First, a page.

Sårbar, suveren og ansvarlig. Kvinners fortellinger om fosterdiagnostikk og selektiv abort.
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Vulnerable, sovereign and responsible.Women’s stories about prenatal diagnostics and selective abortion.“In Norway we make sure that some children with Downs’s syndrome are born, and thattheir mothers are younger than 38 years”. This statement illustrates an importantconsequence of the Norwegian politics on prenatal diagnosis and selective abortion. Womenolder than 37 have to decide whether they want to “know” or not (undergo prenataldiagnosis). Other women may experience the discovery of anomalies at ultrasoundexaminations. And after discovery, or test result, the women have to decide whether or not tohave selective abortion.Women’s stories about their dilemmas, paradoxes and choices that arise from these“discoveries” are the empirical backdrop for this dissertation. The investigation follows twolines: First I ask what understandings of fetal diagnosis, deviance, selection of abortion andnon-selection of abortion, the abortion committees, rituals, post-procedure social encountersand the grief, are expressed through women’s stories? Secondly I ask how the woman mustbe or perform in order to make her words sound legitimate (what kind of subjectivities areproduced in the understandings?) These different understandings of “ultrasound and prenataldiagnostics” are tracked through seven chapters of empirical analysis. Each chapter has itsown findings and focus.“The examinations” describes the non-directive genetic counselling as both a “utopia” and anecessity. The “non-directive” presumption creates a woman with a fragile autonomy – ifyou give her advice she will abandon her own will and follow yours. By the silentcommunication of these dilemmas through the withholding of opinions and advice, thewomen are educated into an understanding the decisions potentially to come as soproblematic that the potential decisions is on the outside of the society’s moral.When the abnormalities are discovered a “state of exception” occurs. The woman may seeherself as invaded, in a situation on the border between sanity and insanity. The impossiblehas happened, and when this could happen, anything may happen. A characteristical featureof this “state of exception” is its exclusivity- you have to experience the situation in order tounderstand the situation. The understanding is dependent on emotions, on having lived andfelt the depth of the situation, of “hitting rock bottom”, only then the required authenticity isin place. Following the discovery of abnormalities there are decisions to be made, decisionsthat may change the future of the woman, the fetus and the family. The dissertation showshow this decision is a “sovereign” decision.When the abnormalities are deadly, there is no need for the woman to meet with the abortioncommittee. In this situation a meeting with the committee may be experienced as a formality.To some this is unproblematic, to others the formality of the proceeding is an assault on theirown perception of how serious the situation is. The committee ensures the presence of amorally responsible subject capable of making autonomous and “sovereign” decisions. Thecommittee does moral groundwork on behalf of society. Through work the systemdisciplines the women, and through this disciplining the committee takes part in creating themorally responsible woman. In Norway medical abortion is the routine procedure for selective abortion, the women haveto give birth to the aborted fetus. This “abortionbirth” is inscribed into themidwifery/naturalist discourse, where the pain of birth plays a central, positive, part. Incontrast to women’s sovereign position before the choice is made, the medicine and themidwives know what is best for these women. Women are more or less gently persuaded tosee, hold, clean and dress the fetus. Through abortion birth, the “seeing and holding” andother rituals, the fetus is humanized and a production of dignity commences. In this emergingunderstanding meaning is drawn from birth and stillbirth. The other rituals after selectiveabortion also reinterpret the event. Rituals functions as a magical spell or formula. In thereligious rituals like the “blessing” and the “funeral”, the dignifying and suppression of thefact that this was an abortion, are most evident. Through these rituals the fetus are given anew status as a child that was dead at birth. But this translation of what has happens needs toremain implicit in the ritual in order to enable the ritual to be a production of morallegitimacy.After the abortion the mourning process starts. It is important to a person in mourning to beseen as a legitimate mourner. To obtain this position the women finds it difficult to tell“everything” to “everyone”. The story of what happened are tentatively made in relation toother people. By telling “a little lie” (the fetus would have died anyway) it is possible for thewoman to ensure understanding and legitimacy. For a woman that opted for selectiveabortion because of lethal abnormalities, it is likewise important to tell this – in order toavoid suspicion for “only” mild abnormalities.Analytical summaryThe dissertation focuses on the governing logics of biopower and their relation to socialvalues in the field of “prenatal diagnosis” and “selective abortion” in Norway – and themeaning constructed within these logics and values. Subsequently, the main objective of thestudy is to describe how the field of “fetal diagnosis and selective abortion” is governed,what logics of governing that are in play.Before deviances are discovered, when the women are first introduced to ultrasoundexaminations and prenatal diagnostics, the field (and the individual’s thoughts and actions)are regulated through social values. Extensive genetic counselling tells stories about selectiveabortion as ethical and morally controversial, and the withholding of advice forebodesdisaster. The existence and shape of genetic counselling mediates an understanding of adanger in progress, as a preparation for a logic of exception.During the decision, an existential, social, moral, normative and political situation unfolds.But these dimensions of the situation dissolve into a black box – a box where the decisionsare made, under the woman’s own jurisdiction. The responsibility and the definition of thetruth lies upon the woman. The women are in a situation in witch she is vulnerable andexposed at the same time as she is sovereign and responsible.But after the decision has been made the social deliberations are back in order. From asituation where everything was in the hands of the woman, a new situation starts wherehospital routines (i.e. method of abortion), rituals, and the reactions from others, provide amoral positioning of the events, defines what happened, and gives roles to each individual.The fetus is created as a child; the aborting woman is created as a mother, and so on. Themoral scale of abortions, and the normality assessments, is back in function.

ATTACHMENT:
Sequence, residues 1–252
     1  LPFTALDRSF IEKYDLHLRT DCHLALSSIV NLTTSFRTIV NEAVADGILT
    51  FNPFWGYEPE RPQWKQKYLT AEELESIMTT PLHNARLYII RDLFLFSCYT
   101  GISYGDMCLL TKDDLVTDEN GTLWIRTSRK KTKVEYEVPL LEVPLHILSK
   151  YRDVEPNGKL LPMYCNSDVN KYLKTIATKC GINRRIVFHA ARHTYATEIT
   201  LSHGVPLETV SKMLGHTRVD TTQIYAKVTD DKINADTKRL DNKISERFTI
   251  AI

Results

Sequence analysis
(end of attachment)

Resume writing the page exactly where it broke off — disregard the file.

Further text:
PublisherThe University of Bergen